One dollar for music
Music for all: A group made up of mainstream school dropouts create their own music on devised instruments. Courtesy of One Dollar For MusicOn many a street corner young Indonesian kids strum out chords on rough cat-gut guitars, others tap out a beat on homemade drums while brave souls step up on vocals.
Rarely do any of these kids have formal musical training, but they do often have raw talent, according to One Dollar For Music (ODFM) founder in Holland, Raoul Wijffels, who wants to close the “gap” between this natural talent and careers in music.
“What I am seeing is a gap between this young talent and professional artists. The talent seems to get lost on the way,” said Raoul last Saturday during a gig at Indus Restaurant in Ubud, showcasing developing bands from ODFM in Bali.
Raoul, a former lecturer at Rotterdam’s Music Conservatory within the University of Rotterdam, established ODFM in 2007 as a center where young musicians could get that training.
“Since then, more than 15,000 people have visited our events and festivals and in July 2010 the foundation was awarded as ‘Best Movement’ by Rolling Stone magazine Indonesia,” says Raoul.
“ODFM started as an idea when I was lecturing at the Rotterdam University of Music. My philosophy was always to look ahead — there is no point educating kids of 12 years of age in the music of today, but instead of the music of the society of the future. As a classically trained pianist at high school I wanted to impress the girls, so I played pop and jazz, not classical music.”
In action: Lead singer for Emergency Exit, Zinith, (center front) sings her composition, Happy Sunday, during a gig for the young artists of One Dollar for Music at Indus restaurant in Ubud.JP/J.B. DjwanHe explains Holland has a long tradition of access to all who wish to study music and he found himself some years ago questioning access to musical education in developing nations.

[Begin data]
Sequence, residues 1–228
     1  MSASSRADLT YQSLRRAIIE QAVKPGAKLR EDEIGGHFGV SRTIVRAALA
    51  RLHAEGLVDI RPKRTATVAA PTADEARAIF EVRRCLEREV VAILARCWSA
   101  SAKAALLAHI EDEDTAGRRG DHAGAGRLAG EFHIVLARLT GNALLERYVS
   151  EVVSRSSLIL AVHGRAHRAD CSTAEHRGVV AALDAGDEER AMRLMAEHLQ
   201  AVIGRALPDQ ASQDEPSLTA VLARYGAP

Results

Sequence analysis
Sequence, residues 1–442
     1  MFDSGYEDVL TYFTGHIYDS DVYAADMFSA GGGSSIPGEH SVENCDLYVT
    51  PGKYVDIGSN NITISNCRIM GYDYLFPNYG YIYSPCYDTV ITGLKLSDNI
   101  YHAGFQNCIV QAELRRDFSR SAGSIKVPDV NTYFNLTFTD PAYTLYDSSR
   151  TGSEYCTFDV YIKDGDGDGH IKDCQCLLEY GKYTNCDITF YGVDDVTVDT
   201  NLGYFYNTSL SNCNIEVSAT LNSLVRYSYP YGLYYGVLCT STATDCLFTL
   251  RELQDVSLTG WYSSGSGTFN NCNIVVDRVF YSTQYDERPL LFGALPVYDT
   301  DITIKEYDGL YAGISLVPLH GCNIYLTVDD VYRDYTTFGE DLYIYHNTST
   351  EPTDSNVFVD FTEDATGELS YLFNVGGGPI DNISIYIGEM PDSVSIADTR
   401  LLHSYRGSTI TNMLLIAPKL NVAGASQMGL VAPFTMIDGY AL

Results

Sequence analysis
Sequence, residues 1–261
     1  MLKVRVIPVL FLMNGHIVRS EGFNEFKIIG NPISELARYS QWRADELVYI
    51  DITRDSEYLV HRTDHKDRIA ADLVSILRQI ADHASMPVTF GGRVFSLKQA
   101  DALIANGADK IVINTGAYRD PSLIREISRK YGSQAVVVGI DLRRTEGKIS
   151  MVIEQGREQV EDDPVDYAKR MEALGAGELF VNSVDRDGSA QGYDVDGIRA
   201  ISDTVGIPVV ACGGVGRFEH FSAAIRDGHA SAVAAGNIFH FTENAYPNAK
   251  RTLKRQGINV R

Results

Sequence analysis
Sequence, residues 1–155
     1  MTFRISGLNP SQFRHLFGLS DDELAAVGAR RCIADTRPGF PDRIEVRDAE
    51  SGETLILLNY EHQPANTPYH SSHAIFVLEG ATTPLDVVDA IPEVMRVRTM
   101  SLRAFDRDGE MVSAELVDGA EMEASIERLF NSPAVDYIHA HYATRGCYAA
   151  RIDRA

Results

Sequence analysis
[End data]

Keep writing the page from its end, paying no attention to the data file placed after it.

“I thought it would be a good idea to start something in a country without a lot of music schools: Indonesia. I discovered in the first two weeks of being here a huge amount of talent, but I did not see that talent on stage. There was a gap between the potential of young talent and the outcome on the professional stage. These kids are very talented, but they don’t get a chance, so I set up this foundation to give these kids an opportunity to achieve something in their lives,” says Raoul.
ODFM has to date released four musical compilation CDs free of charge through ANTIDA Music Productions and has seen its earliest group No Stress go from a backyard band to regular work in the music industry.
Through ODFM, young musicians have access to qualified voice, instrumental and technical sound education, allowing them to have their raw talent mentored by professionals from the backyard to the big stage; an opportunity to build careers by exploring and developing their own creativity.
“We help establish infrastructure for their creative development, cultural identity through emphasizing young, hidden talent. This means young people can have access to musical education or at least guidance. They have these voices you hear today without professional voice coaching — with that coaching they can reach international level. Every professional needs a coach, so that’s what we do through a mentoring system,” says Raoul.